Instead, I recommend getting a new quality space heater. I think material-wise, the Dr. Infrared Heater (click here to see it on amazon) is the best heater.

It is made of solid real wood (which has an ignition temperature of over 1,100°F) and is, therefore, a lot safer than plastic space heaters.

How to prevent it in the future: Only use quality space heaters. Cheap space heaters can melt and catch fire quickly.

Can you continue using a self-fixed space heater?

Ideally, you should use your smoking space heater (after you fixed it) only in places where it can’t cause greater harm.

Self-repairs are if improperly done, dangerous. They create an illusion of safety where there is none.

Also, it might be that your repair did not fix the root cause of the smoking problem.

For example, when you replace a burned part in a space heater, the burned part itself might not be the cause. It could have been the power component sending too much power to that part.

Or, if your case material melts, the root cause might not be the cheap material itself. It could also be the heating elements that get too hot because a temperature sensor is broken.

Space heaters are technically feedback loops: They heat, measure the temperature, and, based on the temperature, adjust the heat. 

So, the smoking issue appears in one spot. But the root cause could be anywhere else in the heating feedback loop.

And that’s the key reason why I suggest not using this space heater in important spaces anymore. The space heater already proved that it is able to catch fire. Since there is no guarantee you fixed the root cause of the problem, continuing to use the space heater is still inherently risky.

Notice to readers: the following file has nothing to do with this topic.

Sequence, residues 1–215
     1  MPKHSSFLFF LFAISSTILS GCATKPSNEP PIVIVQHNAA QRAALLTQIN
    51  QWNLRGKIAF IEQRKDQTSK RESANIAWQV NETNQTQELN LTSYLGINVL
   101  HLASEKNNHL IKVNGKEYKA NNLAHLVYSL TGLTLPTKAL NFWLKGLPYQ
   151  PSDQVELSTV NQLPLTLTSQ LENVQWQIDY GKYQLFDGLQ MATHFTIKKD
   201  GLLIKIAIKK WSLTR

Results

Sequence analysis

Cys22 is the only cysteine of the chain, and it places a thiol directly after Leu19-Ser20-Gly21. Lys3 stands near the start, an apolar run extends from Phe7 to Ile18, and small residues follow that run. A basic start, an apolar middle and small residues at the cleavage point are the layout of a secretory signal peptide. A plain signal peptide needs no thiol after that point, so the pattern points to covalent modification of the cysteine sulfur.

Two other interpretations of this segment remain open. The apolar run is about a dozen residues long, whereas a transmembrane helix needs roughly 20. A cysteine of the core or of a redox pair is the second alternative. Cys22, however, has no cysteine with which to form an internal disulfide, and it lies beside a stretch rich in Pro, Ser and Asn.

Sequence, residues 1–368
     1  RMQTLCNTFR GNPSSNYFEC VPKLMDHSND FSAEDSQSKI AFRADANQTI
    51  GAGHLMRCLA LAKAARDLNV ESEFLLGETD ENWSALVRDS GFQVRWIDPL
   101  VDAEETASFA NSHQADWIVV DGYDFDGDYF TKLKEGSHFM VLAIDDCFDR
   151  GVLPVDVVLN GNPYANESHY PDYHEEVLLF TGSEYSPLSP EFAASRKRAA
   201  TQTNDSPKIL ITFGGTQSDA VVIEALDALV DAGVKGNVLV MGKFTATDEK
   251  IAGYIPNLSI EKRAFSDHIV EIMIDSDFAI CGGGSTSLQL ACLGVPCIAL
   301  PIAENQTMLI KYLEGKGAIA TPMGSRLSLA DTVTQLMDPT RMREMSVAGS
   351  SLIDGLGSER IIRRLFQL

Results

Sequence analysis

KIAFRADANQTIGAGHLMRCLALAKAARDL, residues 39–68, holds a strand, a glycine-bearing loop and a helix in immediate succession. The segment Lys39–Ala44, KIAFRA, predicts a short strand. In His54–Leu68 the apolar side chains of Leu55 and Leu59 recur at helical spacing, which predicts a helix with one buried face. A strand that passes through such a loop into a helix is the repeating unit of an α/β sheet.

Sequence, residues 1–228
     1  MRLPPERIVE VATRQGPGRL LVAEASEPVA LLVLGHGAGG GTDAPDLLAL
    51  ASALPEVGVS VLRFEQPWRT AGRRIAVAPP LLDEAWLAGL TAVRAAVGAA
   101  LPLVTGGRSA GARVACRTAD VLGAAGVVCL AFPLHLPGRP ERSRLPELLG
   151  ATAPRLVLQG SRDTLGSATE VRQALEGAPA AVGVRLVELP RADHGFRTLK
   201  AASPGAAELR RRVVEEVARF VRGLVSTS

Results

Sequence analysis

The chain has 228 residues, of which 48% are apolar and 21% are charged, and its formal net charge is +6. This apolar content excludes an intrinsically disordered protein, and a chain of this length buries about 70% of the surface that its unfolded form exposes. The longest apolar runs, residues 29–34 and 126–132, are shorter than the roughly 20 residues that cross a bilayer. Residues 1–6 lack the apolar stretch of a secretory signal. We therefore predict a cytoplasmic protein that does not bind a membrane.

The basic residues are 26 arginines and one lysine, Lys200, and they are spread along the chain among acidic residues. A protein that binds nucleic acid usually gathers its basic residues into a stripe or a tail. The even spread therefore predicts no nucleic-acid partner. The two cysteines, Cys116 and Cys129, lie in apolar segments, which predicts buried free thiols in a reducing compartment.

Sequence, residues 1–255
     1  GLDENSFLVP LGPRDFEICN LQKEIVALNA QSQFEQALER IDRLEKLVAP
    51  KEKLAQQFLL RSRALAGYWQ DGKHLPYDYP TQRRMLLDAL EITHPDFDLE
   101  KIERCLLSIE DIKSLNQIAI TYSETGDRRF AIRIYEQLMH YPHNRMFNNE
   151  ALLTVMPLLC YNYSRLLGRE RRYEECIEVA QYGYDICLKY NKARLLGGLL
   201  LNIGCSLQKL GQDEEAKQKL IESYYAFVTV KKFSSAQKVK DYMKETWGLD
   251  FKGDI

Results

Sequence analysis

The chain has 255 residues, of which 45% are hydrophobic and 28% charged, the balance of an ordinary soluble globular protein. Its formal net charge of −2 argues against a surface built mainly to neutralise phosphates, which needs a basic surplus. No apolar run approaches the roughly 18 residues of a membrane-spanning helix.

In all cases, you should get a new indoor space heater.

You can continue using the repaired space heater in a garage or workshop. There, test your space heater for a few weeks, or months.

If it still works, this indicates that you fixed the root cause of the smoking issue and you can use your heater indoors again.


You can fix a smoking space heater yourself. Oftentimes, smoking is caused by dust and dirt, or an issue in the power electronics.

You can try to fix it yourself. After fixing it, use the fixed space heater only in safe places such as your garage or workshop.

Better burn down your garage or workshop than your house.

If your space heater works without problems for a few weeks, you likely fixed the root cause of the smoking.

Then you can use your heater indoors again.